Thomas Magnuson: It’s definitely a shame that I can’t share my film to the public, but the way I see it, the film was an educational experience, and I’m glad that I get to show it to friends and family, and feel proud of what was made.
SKSM: What “good or bad” reviews have you received on your film?
Thomas Magnuson: Most criticisms – including my greatest criticism – about the film were the sound issues. My high school didn’t have the best sound equipment, and my knowledge of capturing, editing, and mixing sound was very limited at the time. One thing this film taught me was the importance of sound. It can really make or break your movie.
SKSM: Do you plan to screen the movie at a particular festival?
Thomas Magnuson: I was fortunate enough to get the film accepted into the Bonita Springs International Film Festival, where it screened two years ago. Most recently, the film screened in a Dollar Baby Film Festival in Argentina. As of now I do not have any more plans to screen the short.
SKSM: Are you a Stephen King fan? If so, which are your favorite works and adaptations?
Thomas Magnuson: I am most definitely a fan. As I’m typing this I’m watching Shawshank Redemption, which is definitely one of my favorite adaptations. I enjoy his short stories because they’re to the point and visually striking. That’s what makes his Dollar Baby program so valuable: there’s some great source material to choose from.
SKSM: Did you have any personal contact with King during the making of the movie? Has he seen it (and if so, what did he think about it)?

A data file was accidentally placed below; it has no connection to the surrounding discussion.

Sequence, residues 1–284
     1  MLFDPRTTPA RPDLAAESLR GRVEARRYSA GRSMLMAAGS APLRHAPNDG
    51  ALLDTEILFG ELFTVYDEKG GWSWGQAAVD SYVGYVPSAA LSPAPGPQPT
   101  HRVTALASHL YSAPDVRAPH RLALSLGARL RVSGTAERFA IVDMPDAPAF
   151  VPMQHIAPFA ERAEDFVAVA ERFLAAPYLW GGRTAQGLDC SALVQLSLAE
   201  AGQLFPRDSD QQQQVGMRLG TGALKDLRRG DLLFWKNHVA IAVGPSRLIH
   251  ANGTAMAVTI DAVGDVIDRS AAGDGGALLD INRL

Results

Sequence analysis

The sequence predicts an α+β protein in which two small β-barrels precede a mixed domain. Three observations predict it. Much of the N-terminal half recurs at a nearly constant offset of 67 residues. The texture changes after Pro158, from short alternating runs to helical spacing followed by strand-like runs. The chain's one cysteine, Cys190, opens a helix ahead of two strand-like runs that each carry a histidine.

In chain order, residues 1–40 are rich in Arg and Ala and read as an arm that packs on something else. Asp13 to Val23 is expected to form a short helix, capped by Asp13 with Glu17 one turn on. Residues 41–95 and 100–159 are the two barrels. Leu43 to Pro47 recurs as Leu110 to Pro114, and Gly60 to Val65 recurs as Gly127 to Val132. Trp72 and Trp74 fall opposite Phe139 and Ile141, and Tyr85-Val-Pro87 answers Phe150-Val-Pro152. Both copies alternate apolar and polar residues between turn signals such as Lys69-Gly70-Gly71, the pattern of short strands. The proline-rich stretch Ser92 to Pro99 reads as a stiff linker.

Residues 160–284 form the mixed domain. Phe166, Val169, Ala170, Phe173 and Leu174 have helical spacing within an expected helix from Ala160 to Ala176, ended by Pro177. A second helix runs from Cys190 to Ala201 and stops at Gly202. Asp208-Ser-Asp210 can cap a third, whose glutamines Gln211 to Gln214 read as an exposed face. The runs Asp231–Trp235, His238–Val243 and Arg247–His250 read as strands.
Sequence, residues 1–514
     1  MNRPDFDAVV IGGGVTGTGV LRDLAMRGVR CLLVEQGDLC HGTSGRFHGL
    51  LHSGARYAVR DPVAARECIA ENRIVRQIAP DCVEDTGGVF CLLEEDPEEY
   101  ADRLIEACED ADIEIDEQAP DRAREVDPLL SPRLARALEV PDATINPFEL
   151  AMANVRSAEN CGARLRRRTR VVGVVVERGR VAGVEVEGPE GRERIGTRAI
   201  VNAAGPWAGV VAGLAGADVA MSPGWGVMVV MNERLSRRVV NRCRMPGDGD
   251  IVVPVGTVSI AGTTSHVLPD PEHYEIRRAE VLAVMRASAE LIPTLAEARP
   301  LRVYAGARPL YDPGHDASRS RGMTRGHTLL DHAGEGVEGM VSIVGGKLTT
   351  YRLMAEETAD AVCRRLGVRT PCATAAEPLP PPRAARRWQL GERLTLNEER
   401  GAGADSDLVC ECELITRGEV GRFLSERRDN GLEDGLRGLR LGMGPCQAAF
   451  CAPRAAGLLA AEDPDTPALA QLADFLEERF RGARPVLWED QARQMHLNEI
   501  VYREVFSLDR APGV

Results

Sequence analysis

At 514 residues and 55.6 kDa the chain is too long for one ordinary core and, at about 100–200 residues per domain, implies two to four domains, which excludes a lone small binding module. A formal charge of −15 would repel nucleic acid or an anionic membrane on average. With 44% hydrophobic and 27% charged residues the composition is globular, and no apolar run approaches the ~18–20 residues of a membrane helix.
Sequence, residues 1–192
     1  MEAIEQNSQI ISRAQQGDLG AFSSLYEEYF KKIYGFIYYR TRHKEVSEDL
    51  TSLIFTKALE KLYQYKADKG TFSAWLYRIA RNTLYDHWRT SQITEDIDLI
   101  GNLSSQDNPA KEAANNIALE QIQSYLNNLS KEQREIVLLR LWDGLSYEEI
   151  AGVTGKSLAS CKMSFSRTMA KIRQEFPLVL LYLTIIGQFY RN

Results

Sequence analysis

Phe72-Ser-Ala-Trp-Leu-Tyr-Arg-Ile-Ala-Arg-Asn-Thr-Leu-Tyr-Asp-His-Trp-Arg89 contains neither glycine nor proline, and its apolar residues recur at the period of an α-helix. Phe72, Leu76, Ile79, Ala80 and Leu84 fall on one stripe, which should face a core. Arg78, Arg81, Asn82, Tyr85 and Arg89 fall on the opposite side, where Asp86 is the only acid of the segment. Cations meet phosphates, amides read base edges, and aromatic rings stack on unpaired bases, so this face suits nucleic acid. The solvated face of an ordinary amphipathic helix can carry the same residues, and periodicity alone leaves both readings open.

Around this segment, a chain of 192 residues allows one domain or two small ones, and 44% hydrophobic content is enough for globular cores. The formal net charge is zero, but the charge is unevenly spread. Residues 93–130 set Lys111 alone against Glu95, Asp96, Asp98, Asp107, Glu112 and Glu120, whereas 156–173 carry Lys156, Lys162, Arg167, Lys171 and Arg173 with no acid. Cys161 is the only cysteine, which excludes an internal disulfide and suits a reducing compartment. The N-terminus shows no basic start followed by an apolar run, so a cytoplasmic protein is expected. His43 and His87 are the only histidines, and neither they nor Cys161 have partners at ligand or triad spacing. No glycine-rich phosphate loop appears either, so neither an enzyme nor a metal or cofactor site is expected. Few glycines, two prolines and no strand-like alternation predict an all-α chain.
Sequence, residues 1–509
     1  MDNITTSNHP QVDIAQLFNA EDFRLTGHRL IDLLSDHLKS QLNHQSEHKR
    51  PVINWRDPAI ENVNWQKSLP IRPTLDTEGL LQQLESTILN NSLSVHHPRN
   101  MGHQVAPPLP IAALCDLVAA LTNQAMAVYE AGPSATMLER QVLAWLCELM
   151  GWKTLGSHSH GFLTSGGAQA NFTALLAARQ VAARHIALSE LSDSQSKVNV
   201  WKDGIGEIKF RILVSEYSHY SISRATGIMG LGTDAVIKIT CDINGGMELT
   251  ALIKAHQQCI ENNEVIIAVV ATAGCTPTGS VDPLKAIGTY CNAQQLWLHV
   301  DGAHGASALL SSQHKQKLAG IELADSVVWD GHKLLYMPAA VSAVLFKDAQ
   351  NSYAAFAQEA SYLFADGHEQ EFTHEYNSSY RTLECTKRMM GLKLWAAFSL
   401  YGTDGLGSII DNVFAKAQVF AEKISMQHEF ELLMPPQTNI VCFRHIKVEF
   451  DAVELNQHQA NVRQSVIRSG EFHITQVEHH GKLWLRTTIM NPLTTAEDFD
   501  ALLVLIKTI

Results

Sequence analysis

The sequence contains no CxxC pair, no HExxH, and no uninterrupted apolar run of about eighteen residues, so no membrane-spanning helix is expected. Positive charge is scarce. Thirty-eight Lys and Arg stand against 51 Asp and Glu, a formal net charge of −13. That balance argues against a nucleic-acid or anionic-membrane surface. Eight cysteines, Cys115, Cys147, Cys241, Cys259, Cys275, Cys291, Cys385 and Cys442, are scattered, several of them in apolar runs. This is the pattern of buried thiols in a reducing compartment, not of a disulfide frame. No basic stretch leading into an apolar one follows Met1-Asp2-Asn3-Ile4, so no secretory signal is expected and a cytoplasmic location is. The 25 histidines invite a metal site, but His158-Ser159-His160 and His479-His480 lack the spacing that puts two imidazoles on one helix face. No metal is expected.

Thomas Magnuson: Unfortunately I never had any personal contact with Stephen King, and I’m not sure if he ever watched the film. It would be cool if he did I suppose.
SKSM: Do you have any plans for making more movies based on Stephen King’s stories? If you could pick -at least- one story to shoot, which one would it be and why?
Thomas Magnuson: I do not, but maybe someday in the future I’ll have another opportunity to adapt one of his stories. While searching for my first one, I came across one called A Very Tight Place. I really liked the deadly rivalry between two rich old people, and the claustrophobia that consumes a majority of the story. It would be pretty tough to film.
SKSM: What are you working on nowadays?
Thomas Magnuson: As of now I’m mostly writing and directing smaller low-to-no budget short films, and trying to save up for something bigger. I’m very fortunate to be living in a city where I’m surrounded by film, and people who are just as passionate about making it as I am.
SKSM: What one thing people would be surprised to know about you?
Thomas Magnuson: I studied classical guitar for fifteen years and won several awards in the state of Texas for performance.
SKSM: Thanks for taking the time to answer my questions. Is there anything you want to say to the fans that read this interview?
Thomas Magnuson: Thank you for your interest in my film, whether you’ve seen it or not. It was such an amazing experience, and I’m so happy I get to share the memory. The actors, David Lee Hess (Love), Tiana Stewart (Norma), and Tom Swift (flower vendor) were so shockingly good at their craft. They made my job look easy! I hope to continue to make movies and work with talented friends.
SKSM: Would you like to add anything else?
Thomas Magnuson: Have a great day!